“Never tell anyone you once drove a cab,” advises another driver at the airport. “You’ll never get another job.” I believe him. Most customers, and most administrative personnel at Yellow, treat drivers with the level of respect they might show a mongrel dog appraising their trash. (Though I would have liked to believe that working two jobs so that I could support my family while striking out on my own was worthy of respect and admiration, I often felt the stigma. If I needed to visit one of my ad agency’s clients while I had the cab, I made sure to park several blocks away and walked to the client’s office.) 6:30 p.m. I am called to the airport terminal, hoping my first fare of the day will be a long trip—like Dallas, maybe. Instead, the first person to emerge from the terminal launches into a heated debate with the man who runs the taxi stand, trying to negotiate the fare. I watch guardedly. I do not want this customer: undoubtedly a short trip, no tip, and she’ll think I’ve padded the fare even if I haven’t. I will have to take her, though, as passing on a customer means I go to the end of the line. While she argues with the starter, another woman comes out of the terminal and is directed to my cab. Relieved, I take her to the Renaissance Hotel at Greenway Plaza, a $27 trip with a $5 tip. Four hours into my shift, I’ve made $32, $8 short of my goal.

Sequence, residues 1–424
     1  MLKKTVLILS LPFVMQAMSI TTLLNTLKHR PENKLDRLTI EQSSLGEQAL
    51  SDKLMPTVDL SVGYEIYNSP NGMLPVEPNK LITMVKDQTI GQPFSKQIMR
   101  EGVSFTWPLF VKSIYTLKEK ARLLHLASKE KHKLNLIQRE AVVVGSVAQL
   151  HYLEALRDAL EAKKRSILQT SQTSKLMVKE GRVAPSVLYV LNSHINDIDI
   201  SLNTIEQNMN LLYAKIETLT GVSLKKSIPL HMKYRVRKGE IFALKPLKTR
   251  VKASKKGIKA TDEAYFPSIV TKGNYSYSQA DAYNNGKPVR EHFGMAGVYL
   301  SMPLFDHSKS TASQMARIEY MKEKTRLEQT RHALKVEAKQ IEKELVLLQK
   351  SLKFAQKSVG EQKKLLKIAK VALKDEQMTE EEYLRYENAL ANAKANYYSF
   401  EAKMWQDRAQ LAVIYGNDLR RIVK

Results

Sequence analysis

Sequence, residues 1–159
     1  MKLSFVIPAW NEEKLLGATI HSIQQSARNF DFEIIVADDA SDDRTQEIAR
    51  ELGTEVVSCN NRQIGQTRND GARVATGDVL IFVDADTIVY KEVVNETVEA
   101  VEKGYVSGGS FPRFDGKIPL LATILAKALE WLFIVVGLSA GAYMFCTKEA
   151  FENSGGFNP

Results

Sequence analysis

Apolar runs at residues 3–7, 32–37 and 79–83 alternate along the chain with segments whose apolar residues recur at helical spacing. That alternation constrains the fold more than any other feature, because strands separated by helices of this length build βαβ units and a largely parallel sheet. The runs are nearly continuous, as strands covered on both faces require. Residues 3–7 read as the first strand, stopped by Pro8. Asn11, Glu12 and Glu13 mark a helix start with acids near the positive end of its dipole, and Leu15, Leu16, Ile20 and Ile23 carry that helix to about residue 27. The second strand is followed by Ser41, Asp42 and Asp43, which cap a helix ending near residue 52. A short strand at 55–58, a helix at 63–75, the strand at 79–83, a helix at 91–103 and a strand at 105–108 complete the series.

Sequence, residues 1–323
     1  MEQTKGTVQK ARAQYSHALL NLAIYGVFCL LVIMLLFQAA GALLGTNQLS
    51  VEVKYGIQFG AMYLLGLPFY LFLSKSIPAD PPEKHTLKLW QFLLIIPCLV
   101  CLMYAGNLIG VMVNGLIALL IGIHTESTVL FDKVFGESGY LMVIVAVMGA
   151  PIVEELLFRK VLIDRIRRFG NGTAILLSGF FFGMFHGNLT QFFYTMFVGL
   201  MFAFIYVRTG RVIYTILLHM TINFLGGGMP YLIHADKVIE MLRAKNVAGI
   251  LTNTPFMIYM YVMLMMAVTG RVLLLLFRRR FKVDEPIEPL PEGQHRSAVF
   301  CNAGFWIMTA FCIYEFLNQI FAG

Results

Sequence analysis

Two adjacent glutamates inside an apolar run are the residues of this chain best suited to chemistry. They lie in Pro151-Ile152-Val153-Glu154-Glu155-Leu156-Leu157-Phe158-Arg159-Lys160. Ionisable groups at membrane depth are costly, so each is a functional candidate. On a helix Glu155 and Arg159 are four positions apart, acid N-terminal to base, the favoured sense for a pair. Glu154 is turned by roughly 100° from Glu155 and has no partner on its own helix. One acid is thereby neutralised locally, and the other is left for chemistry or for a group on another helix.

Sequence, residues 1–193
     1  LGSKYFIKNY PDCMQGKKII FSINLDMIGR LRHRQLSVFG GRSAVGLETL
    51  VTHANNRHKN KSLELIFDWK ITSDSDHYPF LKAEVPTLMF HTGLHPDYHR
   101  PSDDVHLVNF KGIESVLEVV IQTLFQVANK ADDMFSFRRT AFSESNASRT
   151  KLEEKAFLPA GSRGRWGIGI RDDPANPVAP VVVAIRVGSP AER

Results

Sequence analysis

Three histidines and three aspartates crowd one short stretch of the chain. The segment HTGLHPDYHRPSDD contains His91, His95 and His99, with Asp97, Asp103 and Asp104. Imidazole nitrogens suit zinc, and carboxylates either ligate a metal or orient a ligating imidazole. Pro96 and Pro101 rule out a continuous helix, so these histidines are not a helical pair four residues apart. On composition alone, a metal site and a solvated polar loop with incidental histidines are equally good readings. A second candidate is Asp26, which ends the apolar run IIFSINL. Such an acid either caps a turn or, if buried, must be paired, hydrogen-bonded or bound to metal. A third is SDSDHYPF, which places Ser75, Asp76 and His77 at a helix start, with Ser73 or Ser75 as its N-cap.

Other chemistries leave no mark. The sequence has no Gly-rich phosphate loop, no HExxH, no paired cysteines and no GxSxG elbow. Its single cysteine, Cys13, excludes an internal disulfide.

The cab stand at the Renaissance is full, so I head to the Astrodome area and take a spot behind the one other cab at the Holiday Inn. Forty-five minutes later I am dispatched on Yellow’s computer system to the Fiesta supermarket just across Kirby Drive. Thanks to two red lights, it takes me nearly four minutes to pull up in front of the store. I do so just in time to see the back door of another Yellow cab close and the car pull away with my fare. I have been scooped.

Scooping is frowned upon but accepted as part of the job. Most taxis are dispatched by two-way radio, so all the company’s drivers are privy to the pickup address, and some will literally race to the scene to swipe a fare. The customer, knowing only which cab company he called, will take the first taxi that shows up, unaware that the driver rightfully entitled to the fare is still two blocks away. 8:30 p.m. Another hour passes before my turn comes again, and I’m sent to Pappadeaux’s restaurant, where I pick up three businessmen from Boston who bashfully ask for my recommendation of gentlemen’s clubs. I immediately suggest Rick’s Cabaret. It’s a few blocks farther away than some of the others, and better still, the management at Rick’s offers cabbies a reward of $6 per customer delivered to the door. The fare is $15, to which my customers add a $5 tip. After they’ve entered, I collect my slip from the valet and redeem it with the cashier for an extra $18, making it a $38 fare.